Oysters Lead Lives of Excitement and Danger. Especially in the Balkans.

Bode Sare, the owner of highly regarded seafood restaurants in Croatia (and a former weapons smuggler), champions locally grown oysters.CreditCreditZoran Marinovic for The New York Times

MALI STON, Croatia — “An oyster leads a dreadful but exciting life,” M.F.K. Fisher observed in her classic book about them, “full of stress, passion and danger.”

The oyster, in other words, fits right in with the beleaguered Balkans.

In his 62 years in this tumultuous region, the life of Bode Sare has been at least as eventful as an oyster’s. Mr. Sare has been a partisan warrior, a weapons smuggler, a cafe owner and a prisoner (twice).

Now, as the owner of highly regarded seafood restaurants in Croatia, he champions locally grown oysters, and is part of a collective of 75 farmers that tends oyster beds in Mali Ston Bay, part of the Adriatic Sea along the southern Croatian coast.

One early morning, as a mist shrouded the ancient wall that snakes around the hills overlooking the town of Mali Ston, Mr. Sare’s son, Tomislav, guided the family’s boat past the plastic markers bobbing in the shimmering blue waters and marking the collective’s oyster beds.

Kelp Farmers Get a Big Suprise

Kelp Farmers Get a Big Suprise

Stony Brook University scientist Mike Doall and oyster farmer Paul McCormick with kelp grown on the Great Gunn oyster farm this spring. Since the first pilot projects explored the idea of growing sugar kelp in Long Island waters in 2017, there has been an explosion of interest in this crop, a gourmet food whose uses are just beginning to be explored here.

This past winter, aquaculturists and marine scientists from Stony Brook University teamed up to see if they could grow sugar kelp in Long Island’s shallow south shore estuaries.

The results have been astounding, and could signify a breakthrough that could unlock a wealth of economic and environmental opportunities, say the researchers.

A collaborative team including marine scientists at Stony Brook University, 3D ocean farming innovators at the non-profit organization GreenWave, local seafood industry pioneers Dock to Dish and Haskell Seafood, and several Long Island oyster farmers, have teamed up on a grant from the New York Farm Viability Institute to bring this crop to Long Island. 

The team deployed commercial-style lines of kelp on oyster farms in three Long Island estuaries, including Great Gun Oyster Farm in Moriches Bay, East End Oysters in the Long Island Sound, and a Town of Islip aquaculture lease in the Great South Bay.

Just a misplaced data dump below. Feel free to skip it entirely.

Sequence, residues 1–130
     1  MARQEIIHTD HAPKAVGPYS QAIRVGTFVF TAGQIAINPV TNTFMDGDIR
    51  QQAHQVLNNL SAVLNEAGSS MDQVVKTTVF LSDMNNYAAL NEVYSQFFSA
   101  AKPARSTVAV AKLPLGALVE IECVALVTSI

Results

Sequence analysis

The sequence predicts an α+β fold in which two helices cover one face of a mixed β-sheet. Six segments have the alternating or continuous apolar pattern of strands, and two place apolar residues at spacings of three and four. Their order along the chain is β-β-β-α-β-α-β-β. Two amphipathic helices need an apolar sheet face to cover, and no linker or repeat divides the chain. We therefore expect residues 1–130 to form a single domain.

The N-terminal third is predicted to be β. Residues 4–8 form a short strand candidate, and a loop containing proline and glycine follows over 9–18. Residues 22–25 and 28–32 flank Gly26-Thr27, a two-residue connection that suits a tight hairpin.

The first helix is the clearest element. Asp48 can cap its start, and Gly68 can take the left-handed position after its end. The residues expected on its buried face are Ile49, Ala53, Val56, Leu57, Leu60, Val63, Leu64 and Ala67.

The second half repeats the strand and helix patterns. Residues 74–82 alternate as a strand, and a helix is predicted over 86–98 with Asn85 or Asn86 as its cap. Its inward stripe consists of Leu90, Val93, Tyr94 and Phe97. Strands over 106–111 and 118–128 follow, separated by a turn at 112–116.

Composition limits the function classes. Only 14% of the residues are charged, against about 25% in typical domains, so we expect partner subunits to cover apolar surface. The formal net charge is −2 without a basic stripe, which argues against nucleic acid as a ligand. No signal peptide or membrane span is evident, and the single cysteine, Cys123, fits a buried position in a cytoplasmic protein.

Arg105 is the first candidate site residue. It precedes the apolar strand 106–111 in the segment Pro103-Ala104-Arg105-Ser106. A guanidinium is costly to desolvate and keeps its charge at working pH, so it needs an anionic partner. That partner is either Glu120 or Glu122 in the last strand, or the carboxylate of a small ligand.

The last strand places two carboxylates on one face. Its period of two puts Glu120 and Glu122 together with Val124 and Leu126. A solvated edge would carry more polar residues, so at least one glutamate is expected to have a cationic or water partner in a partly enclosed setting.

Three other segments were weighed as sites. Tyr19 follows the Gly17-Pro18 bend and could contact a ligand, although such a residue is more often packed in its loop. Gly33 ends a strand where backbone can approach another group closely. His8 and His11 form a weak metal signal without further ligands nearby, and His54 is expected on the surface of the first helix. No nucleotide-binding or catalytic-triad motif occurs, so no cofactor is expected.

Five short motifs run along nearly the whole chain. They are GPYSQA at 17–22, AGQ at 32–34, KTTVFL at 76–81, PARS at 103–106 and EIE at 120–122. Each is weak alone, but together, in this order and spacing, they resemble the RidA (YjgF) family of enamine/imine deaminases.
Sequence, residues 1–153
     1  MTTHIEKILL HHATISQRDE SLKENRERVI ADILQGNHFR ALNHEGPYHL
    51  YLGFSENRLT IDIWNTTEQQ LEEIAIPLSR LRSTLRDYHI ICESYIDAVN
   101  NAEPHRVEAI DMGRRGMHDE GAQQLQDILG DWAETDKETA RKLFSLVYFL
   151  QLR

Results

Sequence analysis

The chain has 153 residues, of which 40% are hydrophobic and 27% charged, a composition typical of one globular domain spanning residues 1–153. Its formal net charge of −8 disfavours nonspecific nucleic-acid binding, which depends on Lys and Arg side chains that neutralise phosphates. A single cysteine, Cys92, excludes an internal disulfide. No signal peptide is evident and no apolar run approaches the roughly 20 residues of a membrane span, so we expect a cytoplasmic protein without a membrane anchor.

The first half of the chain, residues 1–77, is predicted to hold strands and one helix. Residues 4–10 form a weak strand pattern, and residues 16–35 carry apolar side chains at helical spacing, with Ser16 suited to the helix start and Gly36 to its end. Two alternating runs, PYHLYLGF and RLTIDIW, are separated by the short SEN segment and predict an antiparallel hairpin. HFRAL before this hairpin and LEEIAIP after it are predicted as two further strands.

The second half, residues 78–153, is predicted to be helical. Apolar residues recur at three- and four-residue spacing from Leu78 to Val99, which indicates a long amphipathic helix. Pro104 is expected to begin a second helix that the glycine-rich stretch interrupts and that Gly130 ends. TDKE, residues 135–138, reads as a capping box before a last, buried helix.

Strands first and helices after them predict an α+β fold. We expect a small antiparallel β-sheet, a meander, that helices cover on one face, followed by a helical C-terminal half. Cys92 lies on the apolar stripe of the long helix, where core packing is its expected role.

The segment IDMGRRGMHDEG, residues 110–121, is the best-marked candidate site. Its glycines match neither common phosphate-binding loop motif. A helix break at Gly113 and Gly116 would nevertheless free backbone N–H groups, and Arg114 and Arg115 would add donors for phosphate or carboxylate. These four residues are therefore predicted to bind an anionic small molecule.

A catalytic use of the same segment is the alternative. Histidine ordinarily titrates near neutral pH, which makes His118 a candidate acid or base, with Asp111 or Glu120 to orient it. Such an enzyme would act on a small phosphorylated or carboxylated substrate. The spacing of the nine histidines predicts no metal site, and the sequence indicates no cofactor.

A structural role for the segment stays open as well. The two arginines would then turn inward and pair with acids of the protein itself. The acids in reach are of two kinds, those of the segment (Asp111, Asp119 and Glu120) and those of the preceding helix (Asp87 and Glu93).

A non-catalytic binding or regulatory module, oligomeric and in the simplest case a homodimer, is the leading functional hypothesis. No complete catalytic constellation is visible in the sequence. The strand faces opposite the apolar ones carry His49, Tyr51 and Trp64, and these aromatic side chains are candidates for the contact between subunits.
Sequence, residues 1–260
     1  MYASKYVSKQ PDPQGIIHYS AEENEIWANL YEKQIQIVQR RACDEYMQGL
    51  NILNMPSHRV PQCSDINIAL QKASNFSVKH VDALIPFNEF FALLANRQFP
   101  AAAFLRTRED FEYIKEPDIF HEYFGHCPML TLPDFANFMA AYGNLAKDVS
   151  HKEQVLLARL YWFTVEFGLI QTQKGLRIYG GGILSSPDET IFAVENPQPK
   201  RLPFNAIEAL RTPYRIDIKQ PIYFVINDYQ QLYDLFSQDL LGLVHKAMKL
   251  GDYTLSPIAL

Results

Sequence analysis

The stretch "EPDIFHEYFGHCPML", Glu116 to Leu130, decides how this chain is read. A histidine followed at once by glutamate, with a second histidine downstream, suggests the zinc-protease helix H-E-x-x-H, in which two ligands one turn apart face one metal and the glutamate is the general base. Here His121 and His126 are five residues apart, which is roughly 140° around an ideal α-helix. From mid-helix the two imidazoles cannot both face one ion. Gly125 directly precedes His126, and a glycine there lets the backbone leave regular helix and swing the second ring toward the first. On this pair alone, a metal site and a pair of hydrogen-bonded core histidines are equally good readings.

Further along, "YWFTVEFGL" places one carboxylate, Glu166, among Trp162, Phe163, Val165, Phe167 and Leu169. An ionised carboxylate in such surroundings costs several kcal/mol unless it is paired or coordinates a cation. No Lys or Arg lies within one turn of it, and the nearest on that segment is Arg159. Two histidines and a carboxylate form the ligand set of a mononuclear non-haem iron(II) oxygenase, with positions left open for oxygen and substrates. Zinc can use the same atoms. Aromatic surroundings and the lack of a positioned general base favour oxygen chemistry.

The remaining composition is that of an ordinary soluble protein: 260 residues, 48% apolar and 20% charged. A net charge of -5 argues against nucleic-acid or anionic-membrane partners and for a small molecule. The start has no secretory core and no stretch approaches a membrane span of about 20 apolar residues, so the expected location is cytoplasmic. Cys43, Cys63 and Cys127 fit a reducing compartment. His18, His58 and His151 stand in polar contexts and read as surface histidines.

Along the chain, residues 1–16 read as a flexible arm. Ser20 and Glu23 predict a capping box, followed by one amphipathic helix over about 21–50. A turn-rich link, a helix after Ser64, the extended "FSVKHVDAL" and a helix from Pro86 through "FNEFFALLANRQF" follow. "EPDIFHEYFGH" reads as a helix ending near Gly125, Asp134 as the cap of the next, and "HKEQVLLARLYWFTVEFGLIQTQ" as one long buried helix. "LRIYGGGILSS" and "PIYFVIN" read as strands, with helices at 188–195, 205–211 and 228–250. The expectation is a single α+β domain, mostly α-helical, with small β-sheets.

In just three months, kelp blades have grown to over four feet at the Moriches Bay site, outpacing every known kelp farm in New York and Connecticut. Read more at

Seaweed Products to Sample

Seaweed Butter

A compound butter that combines seaweed, cultured butter and sea salt, this is wonderful melted over boiled potatoes, stirred into pasta or rice, dolloped over roasted vegetables, chicken and especially seafood. I love it smeared on warm bread and topped with smoked salmon. Bordier makes a fine one, imported from Brittany in northwestern France and available at gourmet shops. And Beurre de la Mer, made from Vermont Creamery butter and a mix of seaweeds, is available from The Chef’s Warehouse.

Seaweed Tea

Dried seaweed mixed with a variety of aromatic teas makes for a heady, fragrant beverage. The tea is available at Cup of Sea, a company based in Portland, Me. I am particularly fond of the green tea-dried kelp combination.

Seaweed Pasta

Added to wheat flour, dried seaweed makes a highly nutritious pastawith a salty bite.

Kelp Salsa

This salsa from Barnacle Foods is a good gateway product for anyone who is interested in eating seaweed, but is still a little unsure. The seaweed gives salsa a gentle saline flavor that harmonizes with the tomatoes and chiles, but doesn’t overwhelm them.

Kelp Pickles

Made in Alaska from bull kelp, a variety with a thick stem that has the texture of green pepper, these crunchy pickles come in two flavors: dilland curry.

Read more below from the NYTIMES

East Hampton Town to accept a $400G state grant to help build aquaculture facility

East Hampton Town will accept a $400,000 New York State Regional Economic Development Council grant, bringing the town closer to building its new aquaculture facility in Springs.

The town board had been undecided on whether to accept the state money, which was awarded in December and requires a nearly $270,000 match from the town.

The town board voted 5-0 at its meeting Thursday to accept the state money, the largest Regional Economic Development Council grant the town has ever received. The grant will fund facility designs, town officials have said.

East Hampton’s aquaculture department works to replenish the local commercial stock of clams, scallops and oysters.

More info @ Newsday

Hatchery Would Double as Salty Education Center

A plan to relocate East Hampton Town’s shellfish hatchery that envisions a combined educational center and exemplar of environmentalism and sustainability was unveiled at Town Hall on Tuesday, as a proposal to consolidate the hatchery and nursery at one site moved closer to fruition. 

More info @ The East Hampton Star